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'Fog facts' in both media and print

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Part 1

Although TV and, by extension, every media device that carries its content, deserves to be called out for its distortions that misinform public discourse, both TV/media and print deserve reproach for what they do not address and so starve public discourse of content that it would find actionable.

Larry Beinhart calls this overlooked class of information "fog facts":

Fog facts are things that have been reported, somewhere, sometime, but have disappeared into the mist—like the pre-9/11 hints that there were hijackers in our midst. The fog facts can still be found by enterprising reporters, but with time and news space increasingly crunched—and media priorities shifting to the trivial—they usually remain obscure, at least to the general public.

Beinhart should know as he has made a practice of employing fog facts as a central mechanism in his novels, American Hero [great snippets here] which was the basis for the film Wag the Dogand The Librarian, and now the nonfiction Fog Facts: Searching for Truth in the Land of Spin.

Fog Facts is about "the fog surrounding the small kernels of truth. There is so much fog, the truth disappears." Beinhart believes that "the media are manipulated by a new breed of super-smart spin doctors who are exploiting the fact that the media try to report facts objectively" and that this spin which protects US politicians from damage "has seeped into every level of politics" thereby hastening Baudrillard's new reality.

Beinhart is also cynical about politics and politicians of all shades although I would position him as more liberal than conservative, especially as he cites this as the cusp of his lapse into cynicism:

[After enduring privation as an aspiring movie producer, Beinhart was tempted by] "a right-wing Republican condominium developer. Would Beinhart and his company mind producing a series of ads that had an explicit anti-gay message? Beinhart bristled - his first instinct was "of course not"- but [privation being what it was] he accepted the offer but subverted it by hiring only gay actors and a gay production crew. "I wasn't sure if it was a cynical move on my behalf or hysterical," he says.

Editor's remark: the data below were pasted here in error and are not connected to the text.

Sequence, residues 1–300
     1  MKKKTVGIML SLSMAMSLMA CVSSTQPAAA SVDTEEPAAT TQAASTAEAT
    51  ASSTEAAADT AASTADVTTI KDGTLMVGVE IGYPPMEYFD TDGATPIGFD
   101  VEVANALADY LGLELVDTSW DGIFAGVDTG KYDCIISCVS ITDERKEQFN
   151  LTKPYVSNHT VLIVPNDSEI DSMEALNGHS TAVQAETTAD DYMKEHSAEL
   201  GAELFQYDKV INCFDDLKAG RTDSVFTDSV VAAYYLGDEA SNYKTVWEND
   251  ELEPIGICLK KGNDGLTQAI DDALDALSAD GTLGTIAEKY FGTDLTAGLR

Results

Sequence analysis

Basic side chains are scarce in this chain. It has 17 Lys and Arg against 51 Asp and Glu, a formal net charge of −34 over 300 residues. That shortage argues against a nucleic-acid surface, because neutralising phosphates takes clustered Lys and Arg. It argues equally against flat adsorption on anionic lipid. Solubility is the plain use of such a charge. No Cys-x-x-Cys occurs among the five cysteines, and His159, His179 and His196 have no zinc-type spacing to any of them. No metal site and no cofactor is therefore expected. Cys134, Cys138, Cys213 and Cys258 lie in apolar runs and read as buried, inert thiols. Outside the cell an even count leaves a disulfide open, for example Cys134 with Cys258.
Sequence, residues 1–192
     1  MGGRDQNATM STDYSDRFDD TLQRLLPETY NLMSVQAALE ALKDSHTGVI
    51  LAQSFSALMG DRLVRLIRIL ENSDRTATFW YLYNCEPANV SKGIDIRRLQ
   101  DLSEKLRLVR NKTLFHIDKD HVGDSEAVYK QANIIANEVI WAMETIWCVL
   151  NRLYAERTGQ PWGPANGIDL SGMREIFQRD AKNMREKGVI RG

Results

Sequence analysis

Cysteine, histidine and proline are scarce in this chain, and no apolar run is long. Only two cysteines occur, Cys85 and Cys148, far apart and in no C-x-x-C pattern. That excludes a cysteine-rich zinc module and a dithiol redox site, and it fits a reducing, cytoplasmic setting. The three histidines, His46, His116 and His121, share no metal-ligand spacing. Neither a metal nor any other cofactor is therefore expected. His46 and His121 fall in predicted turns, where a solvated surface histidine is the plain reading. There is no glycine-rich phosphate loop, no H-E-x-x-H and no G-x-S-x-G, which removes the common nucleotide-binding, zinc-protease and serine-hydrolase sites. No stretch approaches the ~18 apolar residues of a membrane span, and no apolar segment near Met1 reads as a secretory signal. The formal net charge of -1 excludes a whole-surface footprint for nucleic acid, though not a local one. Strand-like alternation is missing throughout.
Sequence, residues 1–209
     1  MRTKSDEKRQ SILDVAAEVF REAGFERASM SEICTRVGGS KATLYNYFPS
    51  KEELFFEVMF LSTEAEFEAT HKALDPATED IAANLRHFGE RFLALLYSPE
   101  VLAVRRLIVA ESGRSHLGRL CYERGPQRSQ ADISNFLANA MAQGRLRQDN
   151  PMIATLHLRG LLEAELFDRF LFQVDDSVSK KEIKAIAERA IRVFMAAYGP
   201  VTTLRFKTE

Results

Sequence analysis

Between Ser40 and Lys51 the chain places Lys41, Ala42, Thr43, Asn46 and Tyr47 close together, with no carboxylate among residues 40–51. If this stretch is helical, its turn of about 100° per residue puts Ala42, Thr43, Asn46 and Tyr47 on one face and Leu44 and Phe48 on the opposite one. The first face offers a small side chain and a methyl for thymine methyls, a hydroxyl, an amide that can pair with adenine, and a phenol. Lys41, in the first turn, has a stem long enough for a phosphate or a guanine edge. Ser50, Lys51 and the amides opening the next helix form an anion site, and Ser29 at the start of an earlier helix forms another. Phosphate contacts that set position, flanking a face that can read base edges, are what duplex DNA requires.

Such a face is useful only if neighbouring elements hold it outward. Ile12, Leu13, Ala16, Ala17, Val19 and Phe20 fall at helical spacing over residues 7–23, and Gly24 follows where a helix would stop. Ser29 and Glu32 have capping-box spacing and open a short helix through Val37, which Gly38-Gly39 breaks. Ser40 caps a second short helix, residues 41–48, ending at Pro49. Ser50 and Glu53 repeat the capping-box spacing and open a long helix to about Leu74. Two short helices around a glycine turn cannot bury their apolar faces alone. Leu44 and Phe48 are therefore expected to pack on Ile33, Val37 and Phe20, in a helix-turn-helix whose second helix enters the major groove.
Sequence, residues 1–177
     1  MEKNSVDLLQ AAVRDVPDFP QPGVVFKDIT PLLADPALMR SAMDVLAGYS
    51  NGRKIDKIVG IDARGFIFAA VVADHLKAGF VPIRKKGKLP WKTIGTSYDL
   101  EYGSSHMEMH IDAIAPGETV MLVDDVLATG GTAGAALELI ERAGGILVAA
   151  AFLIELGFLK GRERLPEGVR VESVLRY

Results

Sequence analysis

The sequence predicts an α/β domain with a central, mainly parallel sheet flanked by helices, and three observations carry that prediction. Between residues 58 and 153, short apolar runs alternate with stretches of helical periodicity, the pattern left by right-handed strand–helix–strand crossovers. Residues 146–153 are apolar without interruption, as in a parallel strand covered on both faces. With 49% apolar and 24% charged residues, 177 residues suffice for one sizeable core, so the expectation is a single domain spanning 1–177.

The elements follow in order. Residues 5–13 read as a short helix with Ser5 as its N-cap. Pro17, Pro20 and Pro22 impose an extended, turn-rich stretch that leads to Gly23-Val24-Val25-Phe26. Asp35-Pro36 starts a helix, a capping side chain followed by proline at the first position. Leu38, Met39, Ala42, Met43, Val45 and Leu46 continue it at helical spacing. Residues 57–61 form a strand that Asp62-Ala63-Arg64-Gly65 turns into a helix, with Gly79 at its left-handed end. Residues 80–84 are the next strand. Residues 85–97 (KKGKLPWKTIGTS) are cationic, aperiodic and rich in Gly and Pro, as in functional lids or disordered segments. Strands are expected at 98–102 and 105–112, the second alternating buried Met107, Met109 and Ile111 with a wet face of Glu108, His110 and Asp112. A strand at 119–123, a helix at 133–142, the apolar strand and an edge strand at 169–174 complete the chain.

Beinhart's politics may inform the examples that he highlights but they do not dilute his message. His 'fog facts' on Senator Bill Frist and VP Cheney should have long ago received more scrutiny. Beinhart takes journalists to task for treating non-political and political news differently. Holding up the Lake George drownings against Frist's financials, he says that:

[In] the Lake George stories, details, background and context were as natural as using a headline and a lead paragraph, yet the breaking Frist story was written as if the events occurred in ghostly isolation, disconnected from others like them, from society, and from humanity in general. [Lake George] has a certain neutrality about it. It’s real news (it’s not political scandal). So reporters and editors fearlessly get it all for us. They do not just report the events, they pull all the relevant facts (laws, history, similar events, speculations, social impact) out of the thousands of bits of information floating around-- out of the fog.

The other story is also news. In terms of what will or will not happen to us in the future, it is significantly more important. All the bits and pieces that I’ve tossed in here can be found, without too much effort. Yet, they're not there. They're still lost in the fog. If I said that that it is because it involves a very powerful man backed by a very powerful political party with lots of supporters who attack the press when they feel their leaders are attacked, most reporters and editors would say no, they would never make a decision to report based on fear or favor. Yet virtually everyone handled the story the same way.

Fog remains underreported as the circumstances have become institutionalized. It is far easier to focus on "sordid, salacious facts about celebrities" or events that do not threaten journalists and their employers instead of the critical issues of the day.

This writer sees a bit of fog in the New York Times' handling of its reporter, Judith Miller, given that the Times seems to be perpetually scooped by other journalists. In a case that could possibly indict senior administration officials, the Times has been mute to the point that the editor of Editor & Publisher, Greg Mitchell, has to ask:

And while we're at it: Why have the Times' seven hard-hitting weekday opinion columnists remained virtually silent, pro or con, on their colleague Judith Miller throughout this ordeal? Conflicted? Afraid to appear disloyal? Or discouraged from commenting?

Part 3

SEC Issues Subpoena To Frist, Sources Say
Records Sought On Sale of Stock
By Carrie Johnson and Jeffrey H. Birnbaum
Washington Post
October 13, 2005

'N.Y. Times' Scooped Again, This Time on Miller's Notes
By E&P Staff
Editor & Publisher
October 08, 2005 10:35 AM ET updated 11:00 PM

The Case of the Missing Notebook
By Greg Mitchell
Editor & Publisher
October 09, 2005 12:40 PM ET

Reporters: Lost in the 'Fog'?
By Larry Beinhart
Editor & Publisher
October 06, 2005

Clearing away the fog of spin
Sydney Morning Herald
September 8, 2005

Fog Facts: Searching for Truth in the Land of Spin
By Larry Beinhart
Thunder's Mouth Press/Nation Books, 2005
ISBN:1560257679

Fog Facts : Searching for Truth in the Land of Spin
Table of contents

Gordon Housworth



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